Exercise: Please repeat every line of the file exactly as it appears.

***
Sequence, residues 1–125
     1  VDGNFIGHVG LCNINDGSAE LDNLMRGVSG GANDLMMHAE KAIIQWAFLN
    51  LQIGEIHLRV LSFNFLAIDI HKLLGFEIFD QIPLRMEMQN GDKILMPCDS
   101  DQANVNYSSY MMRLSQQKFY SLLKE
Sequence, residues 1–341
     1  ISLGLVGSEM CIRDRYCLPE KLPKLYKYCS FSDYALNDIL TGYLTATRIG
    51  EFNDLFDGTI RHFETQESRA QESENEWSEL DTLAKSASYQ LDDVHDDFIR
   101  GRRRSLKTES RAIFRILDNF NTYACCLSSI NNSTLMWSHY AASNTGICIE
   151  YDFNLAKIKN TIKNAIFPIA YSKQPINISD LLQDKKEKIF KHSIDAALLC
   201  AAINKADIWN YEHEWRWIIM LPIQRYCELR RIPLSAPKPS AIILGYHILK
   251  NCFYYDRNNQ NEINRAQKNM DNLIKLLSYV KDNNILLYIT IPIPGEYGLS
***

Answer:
Sequence, residues 1–125
     1  VDGNFIGHVG LCNINDGSAE LDNLMRGVSG GANDLMMHAE KAIIQWAFLN
    51  LQIGEIHLRV LSFNFLAIDI HKLLGFEIFD QIPLRMEMQN GDKILMPCDS
   101  DQANVNYSSY MMRLSQQKFY SLLKE
Sequence, residues 1–341
     1  ISLGLVGSEM CIRDRYCLPE KLPKLYKYCS FSDYALNDIL TGYLTATRIG
    51  EFNDLFDGTI RHFETQESRA QESENEWSEL DTLAKSASYQ LDDVHDDFIR
   101  GRRRSLKTES RAIFRILDNF NTYACCLSSI NNSTLMWSHY AASNTGICIE
   151  YDFNLAKIKN TIKNAIFPIA YSKQPINISD LLQDKKEKIF KHSIDAALLC
   201  AAINKADIWN YEHEWRWIIM LPIQRYCELR RIPLSAPKPS AIILGYHILK
   251  NCFYYDRNNQ NEINRAQKNM DNLIKLLSYV KDNNILLYIT IPIPGEYGLS